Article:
The Australian Connection with Prunier

Prunier posterDuring the years after the gold rush in the 1850s, brandy became the most popular spirit in Australia. French companies were quick to seize the opportunity and in 1870 Prunier opened a branch there.   A loyal following for the brand was built by their salesman, Émigré Ambroise Lamande.  He lived in Melbourne with his pet kangaroo and it is this marsupial that is thought to have been the inspiration behind Maresté’s poster and 1929 advertising film.  Reputed to be the first cinema advertisement for cognac ever made, it featured a cartoon kangaroo discovering cases of cognac washed up on a beach and gleefully stuffing her pouch with the bottles! However, the global economic depression of the time and rising tensions in Europe led to a dramatic decline in demand for cognac in Australia. In 1938 Prunier closed its Melbourne branch and within a decade or so the brand had all but disappeared.  That is, until very recently, when a customer walked into a new wine & spirits shop and enquired about Prunier cognacs. The owner had never heard of them, so he did some research.  Impressed by the brandies and the historical connection he decided to start stocking the range.  The reaction has been overwhelming, and he now sells more of Prunier’s rare and very expensive vintage cognacs than any other outlet in the world.   Another good example of how superior quality and historical knowledge increases the value and pleasure derived from your cognac.

The Price of Cognac History

cognac historyM Restaurant has announced that it is to sell its bottle of 1894 cognac for over £6000 for a 25ml shot – that’s the price of cognac history.  The bottle is reputedly the first blend ever produced by Jean Fillioux, who founded the Fillioux cognac house.  Snippets of history such as this are often priceless in the cognac world.  Over the years we have sold many such historically important bottles to luxury hotels in London.  The ultimate in super-premium spirits, these too have been sold by the measure for thousands of pounds.  But to command this sort of price tag, each must have a story attached.  Many were produced in the pre-Phylloxera era (pre 1875), when cognac production was considerably different from today, and produced by old family firms that may no longer be in existence.  The vintage may also be attached to an event in history, such as the beginning of the French revolution in 1789, which adds to its interest and value.  Selling very old cognac is a proven way of increasing bar takings but beware, establishing authenticity is a specialist business; we have been undertaking it for decades.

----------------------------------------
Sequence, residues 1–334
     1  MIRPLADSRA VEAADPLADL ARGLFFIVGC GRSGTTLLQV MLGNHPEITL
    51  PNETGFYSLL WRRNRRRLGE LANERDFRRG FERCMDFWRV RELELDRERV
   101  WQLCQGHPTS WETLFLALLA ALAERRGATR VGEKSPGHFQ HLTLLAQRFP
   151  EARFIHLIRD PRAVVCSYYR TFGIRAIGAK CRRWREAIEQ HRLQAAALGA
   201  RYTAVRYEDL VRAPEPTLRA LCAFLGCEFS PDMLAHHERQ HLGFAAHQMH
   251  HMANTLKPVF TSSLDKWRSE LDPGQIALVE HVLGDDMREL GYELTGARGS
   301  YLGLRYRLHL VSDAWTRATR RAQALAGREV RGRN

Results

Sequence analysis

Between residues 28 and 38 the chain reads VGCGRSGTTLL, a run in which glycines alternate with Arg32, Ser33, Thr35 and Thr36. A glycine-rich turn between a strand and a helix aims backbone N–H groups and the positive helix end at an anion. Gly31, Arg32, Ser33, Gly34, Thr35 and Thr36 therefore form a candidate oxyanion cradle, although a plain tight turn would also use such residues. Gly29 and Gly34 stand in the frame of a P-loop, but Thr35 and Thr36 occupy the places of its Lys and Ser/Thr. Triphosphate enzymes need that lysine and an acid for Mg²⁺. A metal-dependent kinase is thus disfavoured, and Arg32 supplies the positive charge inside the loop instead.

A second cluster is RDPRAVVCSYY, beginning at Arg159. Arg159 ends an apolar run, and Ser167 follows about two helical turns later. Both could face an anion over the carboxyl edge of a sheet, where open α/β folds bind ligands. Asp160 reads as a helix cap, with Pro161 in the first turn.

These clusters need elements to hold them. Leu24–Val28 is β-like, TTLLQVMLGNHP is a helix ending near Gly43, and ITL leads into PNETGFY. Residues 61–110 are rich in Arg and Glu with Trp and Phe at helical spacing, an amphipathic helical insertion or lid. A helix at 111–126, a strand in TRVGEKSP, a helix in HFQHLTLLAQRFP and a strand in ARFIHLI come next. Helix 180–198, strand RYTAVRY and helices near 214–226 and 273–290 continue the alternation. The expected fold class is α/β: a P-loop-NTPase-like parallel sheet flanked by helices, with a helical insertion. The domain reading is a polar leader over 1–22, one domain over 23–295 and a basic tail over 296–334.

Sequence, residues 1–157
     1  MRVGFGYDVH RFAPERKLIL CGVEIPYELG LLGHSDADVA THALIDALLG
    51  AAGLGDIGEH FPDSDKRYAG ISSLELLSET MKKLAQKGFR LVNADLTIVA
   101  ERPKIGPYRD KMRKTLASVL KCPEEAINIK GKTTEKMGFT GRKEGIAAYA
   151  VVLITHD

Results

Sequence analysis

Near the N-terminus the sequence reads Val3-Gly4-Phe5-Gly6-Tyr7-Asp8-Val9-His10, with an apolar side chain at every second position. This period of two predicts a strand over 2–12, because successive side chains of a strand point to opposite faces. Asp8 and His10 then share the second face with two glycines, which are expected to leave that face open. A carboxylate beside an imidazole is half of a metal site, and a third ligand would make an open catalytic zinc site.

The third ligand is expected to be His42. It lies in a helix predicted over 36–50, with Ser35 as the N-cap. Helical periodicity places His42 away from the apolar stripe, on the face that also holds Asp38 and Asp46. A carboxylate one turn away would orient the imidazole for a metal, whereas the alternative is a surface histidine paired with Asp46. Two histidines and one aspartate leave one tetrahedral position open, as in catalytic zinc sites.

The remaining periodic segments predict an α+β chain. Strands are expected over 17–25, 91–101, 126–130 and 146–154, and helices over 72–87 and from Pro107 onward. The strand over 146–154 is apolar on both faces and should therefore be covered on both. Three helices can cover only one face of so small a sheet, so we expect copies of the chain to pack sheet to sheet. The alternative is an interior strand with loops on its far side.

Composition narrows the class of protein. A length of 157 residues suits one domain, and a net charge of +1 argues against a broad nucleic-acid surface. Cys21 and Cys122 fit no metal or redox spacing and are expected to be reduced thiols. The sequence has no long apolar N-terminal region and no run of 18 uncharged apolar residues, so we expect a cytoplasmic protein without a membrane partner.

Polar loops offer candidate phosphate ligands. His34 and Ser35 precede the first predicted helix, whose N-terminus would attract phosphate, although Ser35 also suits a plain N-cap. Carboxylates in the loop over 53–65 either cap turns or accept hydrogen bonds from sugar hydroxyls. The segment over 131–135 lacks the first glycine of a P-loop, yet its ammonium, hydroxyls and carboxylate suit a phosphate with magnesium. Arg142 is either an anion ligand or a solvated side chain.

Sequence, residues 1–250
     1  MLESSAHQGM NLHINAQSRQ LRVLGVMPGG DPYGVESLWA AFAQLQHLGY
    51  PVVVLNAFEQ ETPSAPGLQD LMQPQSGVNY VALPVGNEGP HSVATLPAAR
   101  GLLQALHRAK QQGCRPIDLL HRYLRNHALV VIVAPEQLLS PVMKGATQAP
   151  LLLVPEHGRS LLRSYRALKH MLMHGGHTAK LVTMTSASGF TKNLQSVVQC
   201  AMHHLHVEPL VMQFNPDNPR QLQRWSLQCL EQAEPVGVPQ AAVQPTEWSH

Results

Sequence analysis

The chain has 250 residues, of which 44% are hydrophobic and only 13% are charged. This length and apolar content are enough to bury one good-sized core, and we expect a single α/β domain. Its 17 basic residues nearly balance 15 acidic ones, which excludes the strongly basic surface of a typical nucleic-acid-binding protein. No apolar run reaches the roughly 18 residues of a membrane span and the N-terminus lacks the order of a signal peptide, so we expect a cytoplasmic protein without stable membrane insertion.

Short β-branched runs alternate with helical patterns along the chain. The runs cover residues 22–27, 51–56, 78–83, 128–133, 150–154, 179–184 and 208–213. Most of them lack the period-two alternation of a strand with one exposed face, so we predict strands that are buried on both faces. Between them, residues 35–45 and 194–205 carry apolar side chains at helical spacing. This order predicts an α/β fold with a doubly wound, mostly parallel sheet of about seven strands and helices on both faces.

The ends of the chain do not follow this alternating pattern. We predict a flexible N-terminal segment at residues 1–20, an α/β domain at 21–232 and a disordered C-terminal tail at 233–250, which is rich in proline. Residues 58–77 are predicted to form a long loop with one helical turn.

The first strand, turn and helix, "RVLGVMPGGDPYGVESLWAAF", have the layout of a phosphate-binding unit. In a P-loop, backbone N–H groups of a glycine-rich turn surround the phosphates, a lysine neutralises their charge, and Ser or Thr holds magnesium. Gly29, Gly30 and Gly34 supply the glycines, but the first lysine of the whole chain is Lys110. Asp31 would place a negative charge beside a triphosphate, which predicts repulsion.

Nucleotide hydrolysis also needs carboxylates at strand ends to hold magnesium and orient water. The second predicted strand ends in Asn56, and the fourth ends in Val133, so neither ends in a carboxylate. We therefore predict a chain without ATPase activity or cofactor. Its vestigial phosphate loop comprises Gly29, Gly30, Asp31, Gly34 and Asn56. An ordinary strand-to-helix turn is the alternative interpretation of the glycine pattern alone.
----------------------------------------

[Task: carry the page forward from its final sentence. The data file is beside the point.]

UK Alcohol Duty and its Enforcement

Smuggling brandyDuring the 18th Century smuggling in Cornwall was a way of life.  It is said that at its peak, more than 500,000 gallons of French brandy was smuggled in per year.  This equates to more than two million bottles. Whole families were involved and the number of smugglers far outweighed the number of Excise men stationed along the coast to stop them. There was a strong incentive to continue since the cost of buying brandy legally, with Alcohol Duty paid, was five times greater than the cost of the contraband.  It was often the case that even the judiciary, doctors and priests were in on the act as they provided the funds.

Cornwall coastlineMost of the brandy came from the ports of La Rochelle and Rochefort and illegal shipments arrived regularly at Falmouth coves such as Helford, Gweek, Porthallow and Godrevy.  The French were still reducing their wines for easier transportation to England, Ireland and Holland.  The quantity of brandy shipped to England did much to support the French brandy industry during the 18th Century.  However, by the early 1800s Customs had started to gain a level of control.  Some smugglers were apprehended but juries were often reluctant to convict as many had connections with the trade.  Even by the mid 19th Century, £millions were still being lost due to the Cornish smugglers evading tax.

UK Duty stampAlcohol Duty is of course an important part of the British tax system and is calculated today at a cost of £28.74 per litre of pure spirit.  A 70cl bottle of brandy at 40% alcohol by volume (abv) therefore attracts a duty of £8.05.  Shipments of cognac to the UK currently stand at more than 12 million bottles per annum and the duty collected is around £100 million.

It goes without saying that smuggling today is vastly reduced.  The sale of illegal spirits does much harm to our industry.  All shipments of spirits entering the country must be accompanied by documentation stating the quantity of pure spirit they contain.  Duty must be paid when the alcohol enters the country, unless it is to be stored in a bonded warehouse.  In this case, Duty is paid when the alcohol is taken out of the bond.  All UK companies dealing in wines and spirits must be registered with HM Customs.